Earlier this week, I explained why pipeline stocks are setting up for a major investment opportunity.
But a brand-new risk to these companies just emerged this week.
On Tuesday, microcap oil producer Sabine Oil & Gas was in bankruptcy court in New York. During the boom in oil, the small oil and gas firm agreed to long-term contracts with two pipeline companies.
And the judge’s ruling could have a major effect on those companies…[ad#Google Adsense 336×280-IA]You see, the two pipeline companies had agreed to build dedicated pipelines to Sabine’s wells.
Historically, because those pipelines are fixed in the ground and can’t be moved, the agreement is attached to the land.
In other words, if Sabine goes bankrupt and someone else comes in to operate the wells, then the pipeline agreement goes with it.
However, the judge overseeing the bankruptcy proceedings said Sabine could throw out the pipeline contracts, saying, “The debtors have satisfied the standard for the rejection of the contracts.”
The judge’s decision in the Sabine case puts many pipeline contracts in jeopardy.
That’s bad news for the pipeline companies, who are not thrilled to see that these contracts can be challenged and aren’t necessarily binding.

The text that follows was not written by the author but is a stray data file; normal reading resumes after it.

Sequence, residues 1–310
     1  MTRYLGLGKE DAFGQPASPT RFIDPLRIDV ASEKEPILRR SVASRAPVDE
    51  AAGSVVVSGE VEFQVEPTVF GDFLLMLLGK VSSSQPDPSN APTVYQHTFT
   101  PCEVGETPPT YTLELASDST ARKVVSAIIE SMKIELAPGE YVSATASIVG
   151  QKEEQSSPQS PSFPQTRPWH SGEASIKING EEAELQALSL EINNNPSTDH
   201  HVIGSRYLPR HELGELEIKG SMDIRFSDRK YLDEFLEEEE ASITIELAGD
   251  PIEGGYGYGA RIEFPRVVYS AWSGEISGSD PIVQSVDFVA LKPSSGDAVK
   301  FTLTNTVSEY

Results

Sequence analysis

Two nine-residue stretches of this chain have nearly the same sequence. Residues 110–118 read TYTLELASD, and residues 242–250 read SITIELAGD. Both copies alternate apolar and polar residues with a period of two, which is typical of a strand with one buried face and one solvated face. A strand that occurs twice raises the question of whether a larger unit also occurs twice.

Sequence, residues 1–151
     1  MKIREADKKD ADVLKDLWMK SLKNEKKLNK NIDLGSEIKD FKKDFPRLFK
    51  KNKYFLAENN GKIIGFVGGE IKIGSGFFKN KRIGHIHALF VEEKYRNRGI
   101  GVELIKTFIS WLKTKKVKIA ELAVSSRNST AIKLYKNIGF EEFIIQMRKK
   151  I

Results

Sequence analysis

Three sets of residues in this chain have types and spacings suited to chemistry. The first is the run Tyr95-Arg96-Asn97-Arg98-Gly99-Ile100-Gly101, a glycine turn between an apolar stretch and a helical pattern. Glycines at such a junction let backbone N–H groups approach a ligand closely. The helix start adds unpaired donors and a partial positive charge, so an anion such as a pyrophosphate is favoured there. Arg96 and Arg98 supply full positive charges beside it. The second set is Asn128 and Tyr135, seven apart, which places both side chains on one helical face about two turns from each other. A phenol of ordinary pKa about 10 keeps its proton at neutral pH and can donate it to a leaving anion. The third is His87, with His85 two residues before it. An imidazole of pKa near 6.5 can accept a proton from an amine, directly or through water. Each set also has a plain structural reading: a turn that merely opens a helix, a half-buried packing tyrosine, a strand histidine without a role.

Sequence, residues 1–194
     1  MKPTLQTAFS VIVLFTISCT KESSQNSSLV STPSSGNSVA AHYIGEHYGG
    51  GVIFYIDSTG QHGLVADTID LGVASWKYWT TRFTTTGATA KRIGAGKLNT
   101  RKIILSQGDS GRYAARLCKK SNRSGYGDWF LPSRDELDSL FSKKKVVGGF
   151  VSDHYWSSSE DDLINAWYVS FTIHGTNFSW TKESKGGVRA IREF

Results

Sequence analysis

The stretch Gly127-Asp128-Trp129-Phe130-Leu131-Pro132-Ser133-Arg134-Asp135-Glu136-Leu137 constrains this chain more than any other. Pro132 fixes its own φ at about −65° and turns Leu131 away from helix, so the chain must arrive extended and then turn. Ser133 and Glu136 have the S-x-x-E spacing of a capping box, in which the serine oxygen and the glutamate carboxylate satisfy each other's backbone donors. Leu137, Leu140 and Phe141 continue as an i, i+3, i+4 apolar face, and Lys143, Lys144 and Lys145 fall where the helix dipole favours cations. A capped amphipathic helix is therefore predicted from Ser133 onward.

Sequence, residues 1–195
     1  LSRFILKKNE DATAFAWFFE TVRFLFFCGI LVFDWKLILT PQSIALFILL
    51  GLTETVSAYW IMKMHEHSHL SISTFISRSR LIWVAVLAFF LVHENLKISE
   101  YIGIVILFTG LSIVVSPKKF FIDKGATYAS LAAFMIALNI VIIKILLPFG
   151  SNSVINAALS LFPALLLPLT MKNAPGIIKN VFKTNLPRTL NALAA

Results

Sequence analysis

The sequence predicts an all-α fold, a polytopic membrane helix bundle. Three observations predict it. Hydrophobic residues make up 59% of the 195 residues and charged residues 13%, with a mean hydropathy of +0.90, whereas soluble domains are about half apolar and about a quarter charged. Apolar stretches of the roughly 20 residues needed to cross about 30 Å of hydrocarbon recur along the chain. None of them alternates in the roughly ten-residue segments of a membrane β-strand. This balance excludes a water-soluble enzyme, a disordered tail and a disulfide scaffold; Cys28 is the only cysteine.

It sets an ugly precedent in the oil industry. And as I told you in February, we could see more oil companies go bankrupt this year. One in particular scares pipeline companies to death – Chesapeake Energy (CHK).
Chesapeake is on the brink of restructuring its debt. It lost $19.1 billion in earnings before interest, taxes, depreciation, and amortization (EBITDA) last year. The company owes more than $10 billion in debt and has less than $1 billion in cash. Chesapeake pays about $2 billion per year to pipeline companies to move its oil and gas.
Two pipeline companies in particular – Williams Companies (WMB) and Kinder Morgan (KMI) – would suffer the most if Chesapeake goes bankrupt. Both have long-term contracts in place to move Chesapeake’s oil and gas. Since whispers resurfaced last March that Chesapeake could be facing bankruptcy, shares of both Williams and Kinder Morgan have fallen more than 50%.
Major pipeline stocks should be diversified enough to withstand the bankruptcy of small oil companies. But when a giant oil company like Chesapeake goes belly-up, it creates more risk for the sector.
Here’s a quick checklist for investors interested in buying pipeline stocks…
1. Figure out who the pipeline is partnered with, and see how those companies are faring in today’s environment of low oil prices.
2. Make sure the company is big and diversified enough to withstand minor bankruptcies in oil stocks.
3. Wait for the company to cut its distributions.
People who stick to those criteria should be rewarded with triple-digit gains in the near future.
Source: Growth Stock Wire